11th Marine Expeditionary Unit
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|11th Marine Expeditionary Unit|
|Active||13 April 1979 – present|
|Type||Special Operations Capable – Marine Air Ground Task Force|
|Role||Forward-deployed, rapid-response force|
|Part of||I Marine Expeditionary Force|
|Garrison/HQ||Marine Corps Base Camp Pendleton|
|Nickname(s)||"Pride of the Pacific"|
War on Terror
|Colonel James W. Lively|
The 11th Marine Expeditionary Unit (11th MEU) is one of seven Marine Expeditionary Units currently in existence in the United States Marine Corps. The Marine Expeditionary Unit is a Marine Air Ground Task Force with a strength of about 2,200 personnel. The MEU consists of a command element, a reinforced infantry battalion, a composite helicopter squadron and a logistics combat element. The 11th MEU is currently based out of Marine Corps Base Camp Pendleton, California with headquarters in Camp Del Mar.
The mission of the MEU is to provide geographic[clarification needed] combatant commanders with a forward-deployed, rapid-response force capable of conducting conventional amphibious and selected maritime special operations at night or under adverse weather conditions from the sea, by surface and/or by air while under communications and electronics restrictions.
Current subordinate units
- Ground Combat Element: 1st Bn, 1st Marines
- Aviation Combat Element: VMM-165 (Rein)
- Logistics Combat Element: Combat Logistics Battalion 11
The 11th Marine Expeditionary Unit (MEU), originally designated the 17th Marine Amphibious Unit (MAU), formed at Camp Pendleton, California on 13 April 1979.
The MAU was created to plan and participate in large-scale amphibious training exercises. In its early days, the unit also fulfilled requirements for a west coast based MAU to respond to contingencies, but was normally activated and deactivated based largely upon scheduled amphibious landing exercises directed by the Commander, Third Fleet. During this time, the billet of MAU Commanding Officer alternated between Regimental and Aircraft Group Commanders who filled the billet in six-month increments as a secondary duty during their tenures in command.
In 1983, the Marine Corps directed a change that resulted in the first renaming of the 17th MAU. The decision was made to "source" the continuously deployed Western Pacific (WESTPAC) MAUs from I Marine Amphibious Force units in Southern California. Previously, their units came from the 1st Marine Brigade in Hawaii. This resulted in the renaming of the 17th MAU to the 11th MAU on 20 July 1984.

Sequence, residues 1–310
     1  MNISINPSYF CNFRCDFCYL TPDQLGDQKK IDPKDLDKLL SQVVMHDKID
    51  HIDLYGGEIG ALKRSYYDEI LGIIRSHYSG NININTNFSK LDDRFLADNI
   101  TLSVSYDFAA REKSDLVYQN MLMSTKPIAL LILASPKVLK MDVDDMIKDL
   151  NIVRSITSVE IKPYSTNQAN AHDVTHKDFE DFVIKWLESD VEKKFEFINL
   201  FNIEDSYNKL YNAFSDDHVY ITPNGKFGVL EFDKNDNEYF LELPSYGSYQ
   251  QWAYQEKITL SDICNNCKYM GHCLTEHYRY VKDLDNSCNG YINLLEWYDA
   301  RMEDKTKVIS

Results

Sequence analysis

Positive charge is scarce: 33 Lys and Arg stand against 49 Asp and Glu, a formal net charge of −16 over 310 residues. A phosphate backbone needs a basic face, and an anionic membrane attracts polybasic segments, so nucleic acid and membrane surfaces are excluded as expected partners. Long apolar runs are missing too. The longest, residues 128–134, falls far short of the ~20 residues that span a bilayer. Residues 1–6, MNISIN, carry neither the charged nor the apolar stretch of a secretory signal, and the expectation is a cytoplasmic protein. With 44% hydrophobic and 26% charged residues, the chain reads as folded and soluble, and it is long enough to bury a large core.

A second name change took place on 5 February 1988, when the Marine Corps more clearly defined the multiple capabilities of its Marine Air-Ground Task Forces. "Amphibious" was changed to "Expeditionary," and the unit was given its current designation – the 11th Marine Expeditionary Unit.
While the unit's designation has changed, the mission of the 11th MEU has remained largely unchanged. The MEU is an expeditionary intervention force with the ability to move quickly on short notice, to wherever needed to accomplish conventional or special operations. The strength of the MEU (Special Operations Capable) resides in the inherent combined arms capability while operating from forward-deployed amphibious shipping.
In order to accomplish this mission, the MEU’s continually train to maintain the required combat readiness, while simultaneously fulfilling worldwide training and contingency commitments. The 11th MEU has completed several major deployments to the Western Pacific, Indian Ocean, and Persian Gulf. It has participated in numerous training exercises/operations from the coast of California to the shores of Somalia, and as far inland as Bujumbura, Burundi and in Central Africa.
In 1996 the 11th MEU(SOC) participated in the exfiltration of General Hussein Kamel Hassan al-Majid and his brother (an Iraqi Colonel), each of which were married to Saddam's daughters and were also his 2nd Cousins. The families defected under the support and cover of the 11th MEU(SOC) and were escorted to King Hussein of Jordan. Transfer and delivery of the defectors was at the Jordanian King Faisal Air Force Base, where King Hussein of Jordan kept a personal ready room.
During its 1998 deployment, the 11th MEU conducted Operation Safe Departure. This was a Noncombatant Evacuation Operation, which took place in Asmara, Eritrea, on 6 June 1998. The evacuation of noncombatant civilians and third-world nationals was conducted as a precautionary measure to ensure their safety in the midst of a heated border dispute between Eritrea and Ethiopia. All total, 172 persons, to include 105 Americans, were safely evacuated to Amman, Jordan, via KC-130 aerial transport.
During its 1999 deployment, the 11th MEU supported Operation Stabilise in East Timor from 25 October 1999 to 27 November 1999. The MEU was called on to provide support to International Forces, East Timor (INTERFET) delivering more than 1.5 million pounds of food and supplies to the Australian-led peacekeeping forces and East Timorese.